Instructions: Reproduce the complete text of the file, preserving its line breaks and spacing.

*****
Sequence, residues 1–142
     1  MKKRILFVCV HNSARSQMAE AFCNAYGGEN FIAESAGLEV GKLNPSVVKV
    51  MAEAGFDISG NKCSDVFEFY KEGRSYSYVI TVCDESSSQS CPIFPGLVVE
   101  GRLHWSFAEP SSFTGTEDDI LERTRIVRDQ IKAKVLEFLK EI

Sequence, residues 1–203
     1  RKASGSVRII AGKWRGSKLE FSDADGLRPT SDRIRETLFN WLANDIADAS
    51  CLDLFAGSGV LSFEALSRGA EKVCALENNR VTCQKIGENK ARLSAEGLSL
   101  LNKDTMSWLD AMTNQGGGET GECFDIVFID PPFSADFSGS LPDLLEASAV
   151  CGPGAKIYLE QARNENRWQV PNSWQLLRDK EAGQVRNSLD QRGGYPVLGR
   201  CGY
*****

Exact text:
Sequence, residues 1–142
     1  MKKRILFVCV HNSARSQMAE AFCNAYGGEN FIAESAGLEV GKLNPSVVKV
    51  MAEAGFDISG NKCSDVFEFY KEGRSYSYVI TVCDESSSQS CPIFPGLVVE
   101  GRLHWSFAEP SSFTGTEDDI LERTRIVRDQ IKAKVLEFLK EI

Sequence, residues 1–203
     1  RKASGSVRII AGKWRGSKLE FSDADGLRPT SDRIRETLFN WLANDIADAS
    51  CLDLFAGSGV LSFEALSRGA EKVCALENNR VTCQKIGENK ARLSAEGLSL
   101  LNKDTMSWLD AMTNQGGGET GECFDIVFID PPFSADFSGS LPDLLEASAV
   151  CGPGAKIYLE QARNENRWQV PNSWQLLRDK EAGQVRNSLD QRGGYPVLGR
   201  CGY